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Cardioversion is performed when the heart is beating ineffectively – either too fast or irregularly – in patients with atrial fibrillation or atrial flutter. It’s usually scheduled in advance but is sometimes also done in emergency situations. It can be done using an electric shock or with drugs.

How does it work?

Cardioversion is usually done with electric shocks, administered through electrodes attached to the chest, while the patient is sedated. Electric cardioversion takes less time than cardioversion done solely with medications, and a Deborah Specialty Physician can instantly see if the procedure has restored normal cardiac rhythm.

Am I a good candidate for treatment?

Cardioversion is usually used to treat people who have atrial fibrillation or atrial flutter – conditions which occur when the electrical signals that normally make the heart beat at a regular rate don’t travel properly through the upper chambers of the heart.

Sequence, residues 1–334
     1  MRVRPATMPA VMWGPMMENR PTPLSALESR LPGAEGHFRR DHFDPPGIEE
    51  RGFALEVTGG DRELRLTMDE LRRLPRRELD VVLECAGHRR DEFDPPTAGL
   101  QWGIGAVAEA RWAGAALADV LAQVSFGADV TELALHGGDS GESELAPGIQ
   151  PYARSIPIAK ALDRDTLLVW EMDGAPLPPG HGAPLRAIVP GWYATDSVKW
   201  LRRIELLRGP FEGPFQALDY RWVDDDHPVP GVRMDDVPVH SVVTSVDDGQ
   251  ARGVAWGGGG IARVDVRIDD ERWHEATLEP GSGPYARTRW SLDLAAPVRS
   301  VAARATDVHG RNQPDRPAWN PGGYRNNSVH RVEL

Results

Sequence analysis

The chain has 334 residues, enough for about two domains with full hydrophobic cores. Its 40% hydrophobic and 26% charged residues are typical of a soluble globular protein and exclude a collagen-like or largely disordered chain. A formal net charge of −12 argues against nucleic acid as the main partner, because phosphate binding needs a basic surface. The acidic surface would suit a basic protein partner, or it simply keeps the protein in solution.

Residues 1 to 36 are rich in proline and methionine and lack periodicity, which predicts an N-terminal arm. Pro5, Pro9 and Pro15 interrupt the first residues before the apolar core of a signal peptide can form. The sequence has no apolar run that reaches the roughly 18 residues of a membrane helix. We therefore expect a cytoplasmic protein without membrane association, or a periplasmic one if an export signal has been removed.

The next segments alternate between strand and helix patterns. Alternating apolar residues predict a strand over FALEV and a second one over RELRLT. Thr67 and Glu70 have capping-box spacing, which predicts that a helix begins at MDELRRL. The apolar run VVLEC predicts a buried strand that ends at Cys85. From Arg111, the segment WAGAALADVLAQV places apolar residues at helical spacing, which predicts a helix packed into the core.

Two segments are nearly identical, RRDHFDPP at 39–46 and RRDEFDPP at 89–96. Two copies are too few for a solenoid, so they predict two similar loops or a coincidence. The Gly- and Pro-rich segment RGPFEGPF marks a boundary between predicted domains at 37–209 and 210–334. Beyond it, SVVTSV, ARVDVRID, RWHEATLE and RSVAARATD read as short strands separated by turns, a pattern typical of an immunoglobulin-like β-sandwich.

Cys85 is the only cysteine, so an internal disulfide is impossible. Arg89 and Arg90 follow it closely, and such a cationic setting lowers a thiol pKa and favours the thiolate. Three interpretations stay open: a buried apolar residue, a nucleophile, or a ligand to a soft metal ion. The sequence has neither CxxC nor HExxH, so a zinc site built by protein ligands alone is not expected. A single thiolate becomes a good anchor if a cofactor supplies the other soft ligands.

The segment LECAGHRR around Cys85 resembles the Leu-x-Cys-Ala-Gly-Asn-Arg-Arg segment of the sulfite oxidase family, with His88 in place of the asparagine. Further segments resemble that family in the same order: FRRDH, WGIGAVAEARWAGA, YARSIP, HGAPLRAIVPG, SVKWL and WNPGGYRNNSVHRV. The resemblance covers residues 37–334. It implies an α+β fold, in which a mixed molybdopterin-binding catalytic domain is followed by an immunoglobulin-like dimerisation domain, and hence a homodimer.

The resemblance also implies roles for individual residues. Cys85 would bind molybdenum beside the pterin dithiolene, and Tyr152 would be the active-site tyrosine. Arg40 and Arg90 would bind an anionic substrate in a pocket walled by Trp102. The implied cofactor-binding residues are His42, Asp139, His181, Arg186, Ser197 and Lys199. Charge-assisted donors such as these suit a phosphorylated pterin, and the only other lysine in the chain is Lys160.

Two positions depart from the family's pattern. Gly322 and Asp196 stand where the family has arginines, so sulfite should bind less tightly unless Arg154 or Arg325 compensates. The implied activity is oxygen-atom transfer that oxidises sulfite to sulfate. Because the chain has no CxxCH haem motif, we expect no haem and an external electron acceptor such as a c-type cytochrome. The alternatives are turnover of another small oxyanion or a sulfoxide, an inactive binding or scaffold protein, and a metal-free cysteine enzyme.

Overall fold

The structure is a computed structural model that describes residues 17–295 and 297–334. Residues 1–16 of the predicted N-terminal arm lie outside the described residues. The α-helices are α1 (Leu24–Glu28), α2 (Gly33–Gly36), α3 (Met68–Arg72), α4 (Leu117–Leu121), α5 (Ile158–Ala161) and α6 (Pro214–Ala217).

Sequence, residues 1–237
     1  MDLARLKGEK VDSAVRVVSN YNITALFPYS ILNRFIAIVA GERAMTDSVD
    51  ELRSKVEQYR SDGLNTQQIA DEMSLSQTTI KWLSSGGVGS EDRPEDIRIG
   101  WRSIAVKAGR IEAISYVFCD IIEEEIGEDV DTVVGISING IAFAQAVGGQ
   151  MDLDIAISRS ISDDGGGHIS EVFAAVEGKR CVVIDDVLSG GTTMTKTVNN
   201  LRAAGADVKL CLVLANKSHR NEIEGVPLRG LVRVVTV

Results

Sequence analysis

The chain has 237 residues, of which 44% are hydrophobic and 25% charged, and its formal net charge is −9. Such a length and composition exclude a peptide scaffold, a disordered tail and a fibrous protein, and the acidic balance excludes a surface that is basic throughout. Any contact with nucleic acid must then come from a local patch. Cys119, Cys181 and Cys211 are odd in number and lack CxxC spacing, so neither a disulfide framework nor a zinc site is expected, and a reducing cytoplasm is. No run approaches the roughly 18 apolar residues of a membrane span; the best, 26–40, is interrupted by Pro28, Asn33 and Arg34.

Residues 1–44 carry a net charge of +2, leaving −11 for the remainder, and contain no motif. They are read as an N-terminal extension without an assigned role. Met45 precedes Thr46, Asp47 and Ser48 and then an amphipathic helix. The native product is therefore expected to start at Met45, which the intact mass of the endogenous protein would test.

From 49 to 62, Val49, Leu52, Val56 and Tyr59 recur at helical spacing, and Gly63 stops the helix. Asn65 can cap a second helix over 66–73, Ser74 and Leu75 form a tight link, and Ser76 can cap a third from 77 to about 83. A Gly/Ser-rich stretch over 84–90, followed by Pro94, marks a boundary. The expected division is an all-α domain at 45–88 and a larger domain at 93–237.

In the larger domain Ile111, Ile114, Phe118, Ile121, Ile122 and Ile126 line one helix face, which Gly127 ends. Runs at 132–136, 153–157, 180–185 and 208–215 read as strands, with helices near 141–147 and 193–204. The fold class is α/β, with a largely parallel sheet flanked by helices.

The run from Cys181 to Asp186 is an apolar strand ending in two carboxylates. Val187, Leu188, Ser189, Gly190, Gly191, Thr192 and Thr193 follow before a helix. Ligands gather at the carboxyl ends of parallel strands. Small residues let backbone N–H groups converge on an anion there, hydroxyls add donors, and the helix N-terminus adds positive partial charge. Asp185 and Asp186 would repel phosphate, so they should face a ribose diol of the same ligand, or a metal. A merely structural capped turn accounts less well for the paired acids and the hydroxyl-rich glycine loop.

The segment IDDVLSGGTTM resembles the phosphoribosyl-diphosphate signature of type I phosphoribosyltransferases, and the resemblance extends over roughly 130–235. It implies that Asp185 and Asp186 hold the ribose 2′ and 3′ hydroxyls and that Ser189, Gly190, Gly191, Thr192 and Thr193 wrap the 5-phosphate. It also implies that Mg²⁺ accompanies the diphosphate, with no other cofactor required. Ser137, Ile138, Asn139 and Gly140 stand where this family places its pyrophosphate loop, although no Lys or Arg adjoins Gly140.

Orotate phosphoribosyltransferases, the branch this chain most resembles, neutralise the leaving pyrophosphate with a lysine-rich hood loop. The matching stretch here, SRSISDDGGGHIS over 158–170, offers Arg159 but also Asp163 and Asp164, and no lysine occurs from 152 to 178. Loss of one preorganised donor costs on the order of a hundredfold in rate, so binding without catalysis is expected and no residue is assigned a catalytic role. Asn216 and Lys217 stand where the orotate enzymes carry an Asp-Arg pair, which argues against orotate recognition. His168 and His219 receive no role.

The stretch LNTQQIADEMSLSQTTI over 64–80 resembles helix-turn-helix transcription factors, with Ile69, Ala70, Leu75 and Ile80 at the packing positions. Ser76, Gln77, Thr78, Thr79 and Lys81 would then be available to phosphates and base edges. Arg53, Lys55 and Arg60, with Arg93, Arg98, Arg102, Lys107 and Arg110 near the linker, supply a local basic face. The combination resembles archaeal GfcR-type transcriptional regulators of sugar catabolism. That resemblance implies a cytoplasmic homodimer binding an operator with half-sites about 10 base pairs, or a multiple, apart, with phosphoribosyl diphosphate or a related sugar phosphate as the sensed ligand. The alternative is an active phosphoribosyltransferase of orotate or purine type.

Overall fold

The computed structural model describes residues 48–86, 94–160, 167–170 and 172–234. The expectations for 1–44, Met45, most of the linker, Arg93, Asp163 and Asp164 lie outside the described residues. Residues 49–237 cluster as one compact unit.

What can I expect after treatment?

For most people, cardioversion can quickly restore a regular heart rhythm. Repeat procedures may be needed to maintain a normal heartbeat.

A Deborah Specialty Physician may also recommend lifestyle changes, such as:

  • Reduced caffeine or alcohol intake
  • Low sodium diet
  • Increased physical activity
  • Smoking cessation
  • Eating heart-healthy foods
  • Maintaining a healthy weight
  • Managing stress and anger